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Raymond Pettibon talks about his journey from L.A.’s punk periphery to art stardom

Written by
Paul Laster

Born in Hermosa Beach, California, Raymond Pettibon came to prominence in the late 1970s as the creator of flyers, posters, record covers and the logo for the seminal L.A. punk band Black Flag as well as for Sonic Youth (whose fronting diva, Kim Gordon, also went on to an art career). Pettibon rocketed to fame in 1992, when he was included in “Helter Skelter,” the show that exposed the underbelly of the California art scene at Museum of Contemporary Art Los Angeles. Since then, he’s channeled the dark side of American life and history with narrative drawings that have made him one of the most important artists of the past 20 years. Currently the subject of a career survey at the New Museum on Manhattan’s Lower East Side, Pettibon discusses his work, its influences and its relationship to politics.

“Raymond Pettibon: A Pen of All Work,” 2017, New Museum, New York
Maris Hutchinson/EPW Studio

You got your start making promotional material for bands. How did you get into that?
My brother was in Black Flag, and they were very good at self-promotion. I actually used my existing drawings for the posters and other stuff I did for them and eventually for Sonic Youth. I always drew what I wanted; I never listened to any bright ideas coming from punk rockers.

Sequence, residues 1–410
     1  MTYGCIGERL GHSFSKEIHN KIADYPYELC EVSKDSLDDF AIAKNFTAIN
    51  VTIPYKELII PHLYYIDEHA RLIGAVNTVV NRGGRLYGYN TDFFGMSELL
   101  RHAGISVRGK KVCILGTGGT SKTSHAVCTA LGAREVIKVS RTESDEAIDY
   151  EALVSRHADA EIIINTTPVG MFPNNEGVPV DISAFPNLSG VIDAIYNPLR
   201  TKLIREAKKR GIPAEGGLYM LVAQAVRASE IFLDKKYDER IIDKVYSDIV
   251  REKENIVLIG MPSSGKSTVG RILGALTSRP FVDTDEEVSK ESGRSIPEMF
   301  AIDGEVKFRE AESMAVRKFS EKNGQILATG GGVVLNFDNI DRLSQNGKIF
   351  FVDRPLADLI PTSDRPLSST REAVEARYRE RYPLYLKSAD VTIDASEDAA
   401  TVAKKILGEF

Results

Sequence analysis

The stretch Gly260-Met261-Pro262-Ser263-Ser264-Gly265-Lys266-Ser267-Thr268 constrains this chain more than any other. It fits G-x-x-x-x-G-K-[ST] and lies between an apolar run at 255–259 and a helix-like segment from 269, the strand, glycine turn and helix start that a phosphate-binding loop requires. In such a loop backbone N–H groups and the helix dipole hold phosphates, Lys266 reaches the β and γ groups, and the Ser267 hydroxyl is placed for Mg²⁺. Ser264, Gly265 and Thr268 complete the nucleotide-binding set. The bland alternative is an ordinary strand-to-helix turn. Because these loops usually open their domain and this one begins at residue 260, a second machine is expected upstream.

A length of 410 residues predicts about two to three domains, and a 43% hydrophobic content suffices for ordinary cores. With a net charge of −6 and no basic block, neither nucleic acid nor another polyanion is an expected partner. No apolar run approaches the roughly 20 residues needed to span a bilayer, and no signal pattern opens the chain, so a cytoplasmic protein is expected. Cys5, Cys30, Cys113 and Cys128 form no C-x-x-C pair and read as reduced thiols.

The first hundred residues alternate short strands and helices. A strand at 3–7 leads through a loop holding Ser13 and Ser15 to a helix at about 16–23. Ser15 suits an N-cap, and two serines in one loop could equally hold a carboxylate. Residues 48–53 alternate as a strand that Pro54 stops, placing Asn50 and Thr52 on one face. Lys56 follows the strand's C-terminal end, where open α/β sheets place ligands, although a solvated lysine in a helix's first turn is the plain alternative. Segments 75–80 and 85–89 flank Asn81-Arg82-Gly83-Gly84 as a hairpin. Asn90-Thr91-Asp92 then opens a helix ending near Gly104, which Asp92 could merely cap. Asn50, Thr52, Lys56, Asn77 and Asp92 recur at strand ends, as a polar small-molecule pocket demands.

Raymond Pettibon, No Title (Language most shewes...), 2000
Private collection, Switzerland, courtesy Hauser & Wirth

You have also published zines. What role have those played in your career?
They began as a way of getting my work seen, though hardly any of them sold back then. They were somewhat random, but I usually tried to have a cohesive theme like sports and religion.

Raymond Pettibon, No Title (The war, now...), 2008
Courtesy David Zwirner, New York

The show “Helter Skelter” was your big break. How did it change the reaction to your work?
Not much. Generally, people still think of my work as punk rock because I did record covers and such. That will probably be the defining thing in my Wikipedia biography.

Raymond Pettibon, No Title (As a bookman...), 2001
Collection Alan Hergott and Curt Shepard

The look of your work is often compared to graphic novels. Have they influenced you?
I do owe a lot to comic books and cartoons, though I never read them as a kid. I like cartoonists like Charles Addams and Peter Arno, but I’m just as inspired by artists such as Reginald Marsh, Edward Hopper and John Sloan.

Raymond Pettibon, No Title (It was drawing), 2005
Private collection, Los Angeles, courtesy Regen Projects, Los Angeles

You also make many references to literature and film.
Most of the work comes straight out of my head, but I do borrow from books and movies. I like German Expressionist films and Alfred Hitchcock. I used to screen films on Betamax and freeze the frames to draw from them, which may be why people sometimes relate my work to film noir.

Raymond Pettibon, No Title (Let me say,), 2012
Private collection, Lebanon, courtesy the artist and Regen Projects, Los Angeles

You depict America as a pretty grim place. Do you think of yourself as a political artist?
That’s not for me to say, but I aspire to show that side. I started as a political cartoonist when I was 12 years old, but I grew out of it.

Raymond Pettibon, No Title (I thank the...), 2005
Courtesy David Zwirner, New York

But you have done some political art. Do you think it’s had an impact?
If my work was actually influential, Bernie Sanders would have been President by now.

“Raymond Pettibon: A Pen of All Work” is at the New Museum through Apr 9.

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